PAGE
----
Acupuncture has been keeping millions of people healthy for thousands of years and here in New Zealand it is becoming recognised for general and hollistic healing.
Acupuncture is an ancient Chinese form of medicine which has been used in China for the last 3000 years. Its' effectiveness is now accepted in various countries including New Zealand, especially as more people in our society dislike taking medical drugs. Prior to the time when there were microscopes by which people could envision individual cells and before autopsies revealed the intricate structures within the body, doctors and scholars projected the internal workings of the body from what they could actually experience, which was the world outside the body. On this basis, the workings of the body were described in terms similar to those used to describe the visible world. One of the critical aspects of nature for humans living a thousand years ago, when Chinese civilization was well developed, was the system of water courses, which included tiny streams, huge rivers, man-made canals and irrigation systems, and the ocean. It was envisioned that the body had a similar system of moving, life-giving fluid. This fluid was the qi, and the pathways through which it flowed were the meridians.
How does it work?
The understanding of how acupuncture works has evolved with its practice, but the descriptions set down a thousand years ago have largely been retained. The dominant function of acupuncture is to regulate the circulation of qi (vital energy) and blood. Approximately 2,000 years ago, the pre-eminent acupuncture text, Huangdi Neijing (Yellow Emperor's Classic on Internal Medicine), was written. In it, acupuncture was described as a means of letting out excess qi or blood by making holes in the body along certain pathways, called jingluo (meridians). For some of these meridians, it was advised to acupuncture in such a way as to let out the blood but not the qi; for others, to let out the qi, but not the blood. Many diseases were thought to enter the body through the skin, and then penetrate inward through muscle, internal organs, and, if not cured in timely fashion, to the marrow of the bone. By inserting a needle to the appropriate depth-to correspond with the degree of disease penetration-the disease could be let out.
Although this description of the basic acupuncture concept is somewhat simplified, it conveys the approach that is taught today to students of traditional acupuncture: locate the areas of disturbance, isolate the main blockage points, and clear the blockage. Of course, many layers of sophistication have been added to this model, so that the needling-which might be carried out in several different ways-can be seen to have subtle and differing effects depending upon the site(s) needled, the depth and direction of needling, and even the chemical composition of the needle (such as gold, silver, or steel). For example, some needling techniques are used for the primary purpose of increasing the flow of qi in a meridian without necessarily removing any blockage; other techniques reduce the flow of qi in the meridians. These tonifying and draining methods, as well as transference methods that help move qi from one meridian to another, are part of the more general aim of balancing the flow of qi in the body.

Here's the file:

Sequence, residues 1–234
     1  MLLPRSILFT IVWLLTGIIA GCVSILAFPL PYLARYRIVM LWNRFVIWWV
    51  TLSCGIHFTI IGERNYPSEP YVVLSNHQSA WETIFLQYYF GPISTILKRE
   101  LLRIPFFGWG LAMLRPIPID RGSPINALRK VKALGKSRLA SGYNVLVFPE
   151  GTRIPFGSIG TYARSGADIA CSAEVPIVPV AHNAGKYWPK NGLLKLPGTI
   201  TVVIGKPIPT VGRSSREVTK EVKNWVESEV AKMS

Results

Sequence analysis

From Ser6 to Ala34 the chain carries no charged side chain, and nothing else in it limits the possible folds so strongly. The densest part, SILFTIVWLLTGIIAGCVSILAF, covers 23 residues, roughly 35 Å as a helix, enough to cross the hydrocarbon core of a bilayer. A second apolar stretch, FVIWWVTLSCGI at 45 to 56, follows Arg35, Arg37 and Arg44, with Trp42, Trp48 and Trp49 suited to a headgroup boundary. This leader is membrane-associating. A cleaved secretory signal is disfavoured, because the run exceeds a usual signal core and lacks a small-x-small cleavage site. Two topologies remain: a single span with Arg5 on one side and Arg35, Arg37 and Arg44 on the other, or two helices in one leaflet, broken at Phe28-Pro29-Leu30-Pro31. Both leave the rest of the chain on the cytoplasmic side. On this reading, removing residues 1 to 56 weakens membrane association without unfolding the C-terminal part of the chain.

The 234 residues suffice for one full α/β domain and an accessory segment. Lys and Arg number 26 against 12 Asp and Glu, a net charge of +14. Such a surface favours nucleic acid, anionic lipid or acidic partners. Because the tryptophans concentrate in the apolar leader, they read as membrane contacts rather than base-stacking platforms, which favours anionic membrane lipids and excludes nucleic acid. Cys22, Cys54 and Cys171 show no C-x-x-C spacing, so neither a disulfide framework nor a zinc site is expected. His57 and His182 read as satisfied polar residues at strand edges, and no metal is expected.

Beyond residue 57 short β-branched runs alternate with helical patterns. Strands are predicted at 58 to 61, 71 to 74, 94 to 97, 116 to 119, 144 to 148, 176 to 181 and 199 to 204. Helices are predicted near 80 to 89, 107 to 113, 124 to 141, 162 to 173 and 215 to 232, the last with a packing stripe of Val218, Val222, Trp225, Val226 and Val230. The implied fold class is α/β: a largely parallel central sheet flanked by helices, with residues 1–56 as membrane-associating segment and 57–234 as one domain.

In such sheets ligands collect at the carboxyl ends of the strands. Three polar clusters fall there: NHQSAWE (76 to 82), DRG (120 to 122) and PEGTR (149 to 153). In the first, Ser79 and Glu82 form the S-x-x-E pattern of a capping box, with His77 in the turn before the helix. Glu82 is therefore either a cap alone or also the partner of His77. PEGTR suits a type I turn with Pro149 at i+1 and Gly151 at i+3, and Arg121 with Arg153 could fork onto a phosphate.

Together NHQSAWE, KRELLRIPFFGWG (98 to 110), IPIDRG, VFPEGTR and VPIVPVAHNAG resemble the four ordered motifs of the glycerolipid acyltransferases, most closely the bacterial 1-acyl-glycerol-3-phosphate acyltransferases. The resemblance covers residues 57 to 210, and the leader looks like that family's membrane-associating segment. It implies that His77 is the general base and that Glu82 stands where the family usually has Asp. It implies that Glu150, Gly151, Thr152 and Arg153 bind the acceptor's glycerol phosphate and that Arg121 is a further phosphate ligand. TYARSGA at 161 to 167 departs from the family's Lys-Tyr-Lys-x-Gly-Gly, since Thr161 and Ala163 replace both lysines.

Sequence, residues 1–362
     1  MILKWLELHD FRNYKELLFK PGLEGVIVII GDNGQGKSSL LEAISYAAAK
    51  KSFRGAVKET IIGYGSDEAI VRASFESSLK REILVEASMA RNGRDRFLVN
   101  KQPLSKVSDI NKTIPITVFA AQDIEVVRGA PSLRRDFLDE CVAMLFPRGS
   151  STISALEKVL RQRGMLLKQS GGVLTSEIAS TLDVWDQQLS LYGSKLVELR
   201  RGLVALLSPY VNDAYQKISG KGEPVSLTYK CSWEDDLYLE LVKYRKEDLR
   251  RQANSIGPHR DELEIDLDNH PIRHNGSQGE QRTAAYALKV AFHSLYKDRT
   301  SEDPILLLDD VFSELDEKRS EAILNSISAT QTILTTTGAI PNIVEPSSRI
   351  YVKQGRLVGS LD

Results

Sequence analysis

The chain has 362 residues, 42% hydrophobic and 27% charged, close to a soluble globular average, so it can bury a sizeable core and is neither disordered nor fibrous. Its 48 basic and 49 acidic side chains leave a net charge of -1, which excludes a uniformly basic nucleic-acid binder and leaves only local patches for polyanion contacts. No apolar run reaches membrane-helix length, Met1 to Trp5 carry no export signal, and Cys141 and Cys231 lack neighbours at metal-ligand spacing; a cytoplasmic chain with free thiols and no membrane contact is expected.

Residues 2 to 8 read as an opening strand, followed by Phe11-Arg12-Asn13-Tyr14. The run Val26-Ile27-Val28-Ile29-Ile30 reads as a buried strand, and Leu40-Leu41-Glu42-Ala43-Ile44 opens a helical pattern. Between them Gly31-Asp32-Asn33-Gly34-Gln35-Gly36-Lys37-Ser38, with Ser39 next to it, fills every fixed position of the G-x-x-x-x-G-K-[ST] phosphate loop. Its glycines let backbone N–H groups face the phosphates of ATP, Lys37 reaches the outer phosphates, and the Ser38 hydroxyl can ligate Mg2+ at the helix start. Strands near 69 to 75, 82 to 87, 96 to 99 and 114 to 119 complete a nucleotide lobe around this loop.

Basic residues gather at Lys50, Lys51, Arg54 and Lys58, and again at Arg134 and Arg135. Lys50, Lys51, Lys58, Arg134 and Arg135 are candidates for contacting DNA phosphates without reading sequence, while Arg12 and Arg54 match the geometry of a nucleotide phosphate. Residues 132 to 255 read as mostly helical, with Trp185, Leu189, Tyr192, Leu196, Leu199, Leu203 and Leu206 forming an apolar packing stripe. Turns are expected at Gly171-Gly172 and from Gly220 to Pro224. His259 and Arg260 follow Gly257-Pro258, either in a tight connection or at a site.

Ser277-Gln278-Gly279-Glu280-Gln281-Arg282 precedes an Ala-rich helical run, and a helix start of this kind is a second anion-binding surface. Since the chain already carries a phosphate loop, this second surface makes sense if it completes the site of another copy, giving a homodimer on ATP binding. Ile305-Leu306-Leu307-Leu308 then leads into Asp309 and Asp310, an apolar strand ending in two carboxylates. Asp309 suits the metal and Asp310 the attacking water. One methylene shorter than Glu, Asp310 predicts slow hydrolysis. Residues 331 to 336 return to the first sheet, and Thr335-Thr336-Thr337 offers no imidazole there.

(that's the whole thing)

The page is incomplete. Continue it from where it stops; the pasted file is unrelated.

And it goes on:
Physiotherapists use a wide range of drug-free techniques to relieve pain, restore function and movement, and prevent further problems, including:
Does it hurt?
Some people would like to try acupuncture, but may not because they assume it will be painful. the needles in use are solid and much finer than those used for injections or withdrawing blood. In most cases only a slight prick is felt when the needle goes through the skin. When the needle reaches the acupuncture point there is another sensation felt, often described as a dull ache, heaviness or even tingling. The sensation felt is generally acceptable and lasts only one or two seconds. Your clinician will encourage continual feedback from you, letting them know if there is any discomfort, as this can be alleviated by a small correction of the needle or by complete removal.
What can Acupuncture be used to treat?
Acupuncture is known to effectively treat a wide range of conditions - some of them are described below. (Based upon recommendations of the World Health Organisation, scientific literature and acupuncture colleges)
Low back pain, tennis elbow, knee strain, neck and shoulder pain, sciatica, arthritis, joint swelling, thoracic pain, muscle strain, hip pain, and carpel tunnel syndrome.
Sinusitis, hay fever, common cold, bronchitis, asthma, cough, painful respiration, nosebleed.
Constipation, irritable bowel syndrome, colitis, diarrhoea, nausea, abdominal pain, gastritis, haemarrhoids.
Angina, palpitations, high and low blood pressure.
Painful periods, premenstrual syndrome, excessive menstrual bleeding, irregular menstruation, fertility disorders, menopausal syndrome.
Morning sickness, foetal malposition, insufficient lactation, pregnancy tune-up, assitance with deliveries, post natal depression.
Headaches, migraines, trigeminal neuralgia, shingles, Meniere's Disease, tinnitus and ear pain, Bell's palsy, hemiplegia, post-stroke syndrome.
Low energy, insomnia, chronic fatigue syndrome, adrenal insufficiency, hormonal irregularities.
Post-traumatic stress, anxiety, smoking and drug addiction, depression, erectile disfunction.